In Germany and Italy, fascism was specifically a lower-middle class development. Fundamentalist Christianity and institutional racism do not find much expression in the Southern lower class, which tends to have more divergent religious views and more tolerant views on interracial marriage; rather, the Southern parallels to fascism find their most vocal expressions in its middle class. Especially since the financial crisis of 2007-08, the Southern middle class has returned to a thorough-going religious atmosphere centering on the family and private property, racial rhetoric is abundant even now as President Obama nears the end of his second term in office, and the decrying of socialistic policies (which are actually centrist policies according to the global political spectrum) rallies in the popular domain. Rather than recognizing that middle-class precarity depends on corporate malpractice and right-wing government, the Southern middle class understands only that it is endangered, and so sees fit to vent its worries on its classic targets: those who are different. Economic difficulties are due to the black president's corruption, not an essentially unstable national-economic way of life, just as threats to culture are due to outside influences rather than internal contradictions. To study these contradictions is to incite the charge of red-baited communism, even as accusers forget who first coined the term of their beloved capitalism. Dr. Martin Luther King was murdered in the same state that gave birth to the Klan for preaching that both the white man and the black man were exploited in common. Even in the university towns, ten-story tall crucifixes dot Alpine highways in robust mimesis of the theocratic pretension as symbols wholly antithetical to King's message: they signify authority, not inquiry.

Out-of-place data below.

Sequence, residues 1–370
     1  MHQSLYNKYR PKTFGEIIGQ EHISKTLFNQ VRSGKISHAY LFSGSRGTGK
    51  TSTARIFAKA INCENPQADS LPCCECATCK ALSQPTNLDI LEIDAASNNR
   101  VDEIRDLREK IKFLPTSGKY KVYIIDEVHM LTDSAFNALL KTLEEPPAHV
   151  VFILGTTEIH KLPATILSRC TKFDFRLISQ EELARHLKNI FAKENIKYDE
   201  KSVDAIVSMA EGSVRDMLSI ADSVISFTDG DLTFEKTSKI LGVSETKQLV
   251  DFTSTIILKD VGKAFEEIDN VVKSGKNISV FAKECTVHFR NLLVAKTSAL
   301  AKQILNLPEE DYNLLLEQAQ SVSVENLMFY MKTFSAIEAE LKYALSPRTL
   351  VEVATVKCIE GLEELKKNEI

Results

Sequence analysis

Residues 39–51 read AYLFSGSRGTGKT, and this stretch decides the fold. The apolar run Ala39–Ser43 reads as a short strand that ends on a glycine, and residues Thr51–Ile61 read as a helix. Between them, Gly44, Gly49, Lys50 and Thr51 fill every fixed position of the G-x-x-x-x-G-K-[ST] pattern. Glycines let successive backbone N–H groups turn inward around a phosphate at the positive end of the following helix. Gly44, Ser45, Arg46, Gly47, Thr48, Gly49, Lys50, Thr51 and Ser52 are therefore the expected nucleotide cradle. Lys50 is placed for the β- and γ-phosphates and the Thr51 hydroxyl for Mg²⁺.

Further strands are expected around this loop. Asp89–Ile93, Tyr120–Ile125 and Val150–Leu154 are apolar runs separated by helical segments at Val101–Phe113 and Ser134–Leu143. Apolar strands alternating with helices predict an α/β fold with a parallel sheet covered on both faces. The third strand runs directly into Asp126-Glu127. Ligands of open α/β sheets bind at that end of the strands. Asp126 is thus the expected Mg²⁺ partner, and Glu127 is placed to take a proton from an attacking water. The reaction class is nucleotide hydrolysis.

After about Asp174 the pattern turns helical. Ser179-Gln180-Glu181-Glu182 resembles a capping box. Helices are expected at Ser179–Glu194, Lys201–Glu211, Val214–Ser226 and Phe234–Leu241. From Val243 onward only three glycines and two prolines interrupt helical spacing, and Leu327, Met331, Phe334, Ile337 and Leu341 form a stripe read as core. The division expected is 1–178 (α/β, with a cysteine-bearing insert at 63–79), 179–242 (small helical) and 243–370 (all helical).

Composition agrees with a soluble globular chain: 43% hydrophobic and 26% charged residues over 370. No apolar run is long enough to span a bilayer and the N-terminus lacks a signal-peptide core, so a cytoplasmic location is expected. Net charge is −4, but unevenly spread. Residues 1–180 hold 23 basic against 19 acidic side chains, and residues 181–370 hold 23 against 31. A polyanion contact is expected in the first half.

In an era of social disruption and economic change-when "all that is solid melts into air"-the eternal fascism finds its home. Eco writes